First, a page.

model_accuracy = float(tagsdict['accuracy'])
    training_run_id = parentrun.id
else:
    for step in parentrun.get_children():
        print("Outputs of step " + step.name)
        if step.name == training_step_name:
                tagsdict = step.get_tags()
                model_type = tagsdict['best_model']
                model_accuracy = float(tagsdict['accuracy'])
                training_run_id = step.id

The model can be registered directly to the workspace, but the context of how the model was built is then disconnected from the training pipeline. Instead, the model will be registered from the pipeline run object. To do this the model artifact (model.pkl file) needs to be uploaded to the parent run.

# to register a model to a run, the file has to be uploaded to that run first.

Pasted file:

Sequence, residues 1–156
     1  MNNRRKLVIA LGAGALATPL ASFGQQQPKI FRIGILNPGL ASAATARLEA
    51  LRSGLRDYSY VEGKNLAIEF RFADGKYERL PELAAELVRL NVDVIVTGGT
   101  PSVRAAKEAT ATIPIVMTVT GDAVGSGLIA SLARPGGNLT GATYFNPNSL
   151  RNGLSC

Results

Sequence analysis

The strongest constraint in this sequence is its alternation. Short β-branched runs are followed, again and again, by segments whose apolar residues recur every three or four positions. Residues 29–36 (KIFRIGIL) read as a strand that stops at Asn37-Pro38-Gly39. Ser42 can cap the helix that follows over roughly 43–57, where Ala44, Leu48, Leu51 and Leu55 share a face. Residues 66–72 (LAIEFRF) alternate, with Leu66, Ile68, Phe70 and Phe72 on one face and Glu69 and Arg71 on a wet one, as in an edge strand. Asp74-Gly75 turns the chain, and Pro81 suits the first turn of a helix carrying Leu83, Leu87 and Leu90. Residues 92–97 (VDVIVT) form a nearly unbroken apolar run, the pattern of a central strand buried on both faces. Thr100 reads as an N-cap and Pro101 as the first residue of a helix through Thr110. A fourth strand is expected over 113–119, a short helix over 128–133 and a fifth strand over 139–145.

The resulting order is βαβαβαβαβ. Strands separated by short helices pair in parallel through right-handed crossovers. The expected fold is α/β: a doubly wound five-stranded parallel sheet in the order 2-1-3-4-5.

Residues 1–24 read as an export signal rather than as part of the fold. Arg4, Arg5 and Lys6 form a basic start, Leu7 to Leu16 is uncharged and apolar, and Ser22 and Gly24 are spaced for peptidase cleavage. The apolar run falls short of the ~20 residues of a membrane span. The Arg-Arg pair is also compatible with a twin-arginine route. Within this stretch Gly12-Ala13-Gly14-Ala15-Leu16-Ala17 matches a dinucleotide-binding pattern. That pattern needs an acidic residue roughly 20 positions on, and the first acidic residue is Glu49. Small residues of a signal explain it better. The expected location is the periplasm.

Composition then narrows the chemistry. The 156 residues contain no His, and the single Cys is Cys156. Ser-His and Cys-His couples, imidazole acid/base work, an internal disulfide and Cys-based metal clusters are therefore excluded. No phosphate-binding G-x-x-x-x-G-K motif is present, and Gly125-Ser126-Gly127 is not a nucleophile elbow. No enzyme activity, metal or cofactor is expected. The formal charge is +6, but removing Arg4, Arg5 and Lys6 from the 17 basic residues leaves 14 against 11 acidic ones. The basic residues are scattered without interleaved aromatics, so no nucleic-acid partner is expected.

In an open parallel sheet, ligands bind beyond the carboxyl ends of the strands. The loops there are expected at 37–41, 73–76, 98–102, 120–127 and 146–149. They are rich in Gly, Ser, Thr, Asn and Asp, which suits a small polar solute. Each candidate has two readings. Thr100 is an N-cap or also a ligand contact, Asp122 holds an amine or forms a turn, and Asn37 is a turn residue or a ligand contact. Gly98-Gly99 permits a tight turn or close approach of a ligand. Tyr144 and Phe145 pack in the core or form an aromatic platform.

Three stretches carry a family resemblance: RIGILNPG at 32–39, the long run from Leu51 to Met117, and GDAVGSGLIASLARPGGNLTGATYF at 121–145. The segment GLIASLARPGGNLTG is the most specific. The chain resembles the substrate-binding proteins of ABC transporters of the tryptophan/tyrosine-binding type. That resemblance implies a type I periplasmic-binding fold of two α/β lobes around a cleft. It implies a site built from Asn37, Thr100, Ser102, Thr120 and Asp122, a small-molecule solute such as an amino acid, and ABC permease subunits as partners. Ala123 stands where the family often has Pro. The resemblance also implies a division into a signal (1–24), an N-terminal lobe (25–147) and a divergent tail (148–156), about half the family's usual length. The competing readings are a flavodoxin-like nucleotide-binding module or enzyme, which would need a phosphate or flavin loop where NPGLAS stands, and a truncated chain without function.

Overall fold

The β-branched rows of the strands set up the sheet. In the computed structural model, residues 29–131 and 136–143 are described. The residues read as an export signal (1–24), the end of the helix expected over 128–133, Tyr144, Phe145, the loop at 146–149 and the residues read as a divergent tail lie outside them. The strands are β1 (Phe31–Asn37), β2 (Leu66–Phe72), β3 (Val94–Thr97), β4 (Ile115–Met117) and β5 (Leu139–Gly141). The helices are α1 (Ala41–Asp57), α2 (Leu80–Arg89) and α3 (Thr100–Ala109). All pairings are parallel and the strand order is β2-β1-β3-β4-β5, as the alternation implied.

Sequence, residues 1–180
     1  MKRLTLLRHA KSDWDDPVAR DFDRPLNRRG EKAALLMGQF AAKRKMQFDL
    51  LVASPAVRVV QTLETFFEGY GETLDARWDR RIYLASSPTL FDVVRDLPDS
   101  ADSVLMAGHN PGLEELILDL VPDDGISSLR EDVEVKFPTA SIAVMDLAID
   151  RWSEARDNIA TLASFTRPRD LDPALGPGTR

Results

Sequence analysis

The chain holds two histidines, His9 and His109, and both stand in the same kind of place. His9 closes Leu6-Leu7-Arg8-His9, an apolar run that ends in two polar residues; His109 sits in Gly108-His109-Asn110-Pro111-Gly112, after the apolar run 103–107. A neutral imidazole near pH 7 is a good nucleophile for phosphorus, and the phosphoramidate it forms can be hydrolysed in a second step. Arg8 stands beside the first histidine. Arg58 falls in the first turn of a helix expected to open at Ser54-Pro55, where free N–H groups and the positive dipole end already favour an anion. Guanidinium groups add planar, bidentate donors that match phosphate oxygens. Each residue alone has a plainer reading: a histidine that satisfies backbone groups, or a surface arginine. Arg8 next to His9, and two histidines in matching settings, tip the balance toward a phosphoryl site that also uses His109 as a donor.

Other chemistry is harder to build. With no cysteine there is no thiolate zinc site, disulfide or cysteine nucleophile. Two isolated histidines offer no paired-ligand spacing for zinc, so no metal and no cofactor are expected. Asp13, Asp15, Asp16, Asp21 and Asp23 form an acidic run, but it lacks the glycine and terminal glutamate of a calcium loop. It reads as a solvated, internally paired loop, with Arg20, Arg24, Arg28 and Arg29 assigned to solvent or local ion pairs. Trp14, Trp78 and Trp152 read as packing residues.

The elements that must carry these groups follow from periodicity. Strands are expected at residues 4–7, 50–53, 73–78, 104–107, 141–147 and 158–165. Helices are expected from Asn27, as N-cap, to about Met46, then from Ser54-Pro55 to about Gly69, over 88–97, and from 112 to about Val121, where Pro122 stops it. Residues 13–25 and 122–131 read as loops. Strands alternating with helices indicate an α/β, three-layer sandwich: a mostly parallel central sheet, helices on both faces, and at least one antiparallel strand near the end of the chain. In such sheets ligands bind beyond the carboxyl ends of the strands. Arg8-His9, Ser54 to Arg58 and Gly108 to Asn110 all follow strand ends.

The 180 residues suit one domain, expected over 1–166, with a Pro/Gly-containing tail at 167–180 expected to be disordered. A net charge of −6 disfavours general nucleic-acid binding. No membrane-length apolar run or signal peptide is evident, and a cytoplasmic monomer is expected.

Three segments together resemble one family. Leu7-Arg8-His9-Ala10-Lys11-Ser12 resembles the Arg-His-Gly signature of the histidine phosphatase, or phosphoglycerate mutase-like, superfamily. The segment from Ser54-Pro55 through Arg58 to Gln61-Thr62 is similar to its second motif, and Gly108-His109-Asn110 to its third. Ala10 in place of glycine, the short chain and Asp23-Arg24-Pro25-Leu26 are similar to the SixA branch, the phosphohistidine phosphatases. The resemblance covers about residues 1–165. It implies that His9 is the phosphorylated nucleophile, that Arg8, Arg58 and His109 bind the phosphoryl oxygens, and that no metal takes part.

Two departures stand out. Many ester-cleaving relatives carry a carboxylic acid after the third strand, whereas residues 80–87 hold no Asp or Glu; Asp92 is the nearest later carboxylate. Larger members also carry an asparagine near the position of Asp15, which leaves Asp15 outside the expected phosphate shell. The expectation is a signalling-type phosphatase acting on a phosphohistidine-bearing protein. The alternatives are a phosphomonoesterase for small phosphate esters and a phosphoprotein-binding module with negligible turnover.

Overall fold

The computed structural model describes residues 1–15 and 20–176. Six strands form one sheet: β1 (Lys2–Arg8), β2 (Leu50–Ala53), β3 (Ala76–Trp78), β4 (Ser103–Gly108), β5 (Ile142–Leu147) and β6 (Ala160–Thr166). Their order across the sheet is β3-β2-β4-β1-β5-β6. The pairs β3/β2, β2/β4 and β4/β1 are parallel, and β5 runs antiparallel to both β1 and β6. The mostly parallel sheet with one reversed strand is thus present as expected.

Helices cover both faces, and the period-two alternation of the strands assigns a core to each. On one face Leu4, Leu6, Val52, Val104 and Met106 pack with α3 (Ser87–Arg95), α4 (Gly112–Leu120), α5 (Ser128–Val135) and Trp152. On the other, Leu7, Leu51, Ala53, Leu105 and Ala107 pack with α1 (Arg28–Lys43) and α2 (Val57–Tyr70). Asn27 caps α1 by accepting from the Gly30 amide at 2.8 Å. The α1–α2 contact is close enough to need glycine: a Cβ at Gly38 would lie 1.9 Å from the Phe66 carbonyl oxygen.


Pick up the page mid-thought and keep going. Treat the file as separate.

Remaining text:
model_output = os.environ['AZUREML_DATAREFERENCE_model_output']
parentrun.upload_file('model.pkl',model_output+'/model.pkl')

Next, see if the model name is already registered. If so, record the accuracy score of the previous model to compare against the new model. If this is the first time the model has been trained it won’t exist in the registry so set the accuracy to beat equal to 0.

try:
    model = Model(ws, model_name)
    acc_to_beat = float(model.properties["accuracy"])
except:
    acc_to_beat = 0

Compare the new model accuracy with the previous model accuracy to beat and if the model is better, register it. Note: the model is being registered via parentrun.register_model and not Model.register_model. This is important as it nicely ties the registered model and artifact back to all the context of how it was created.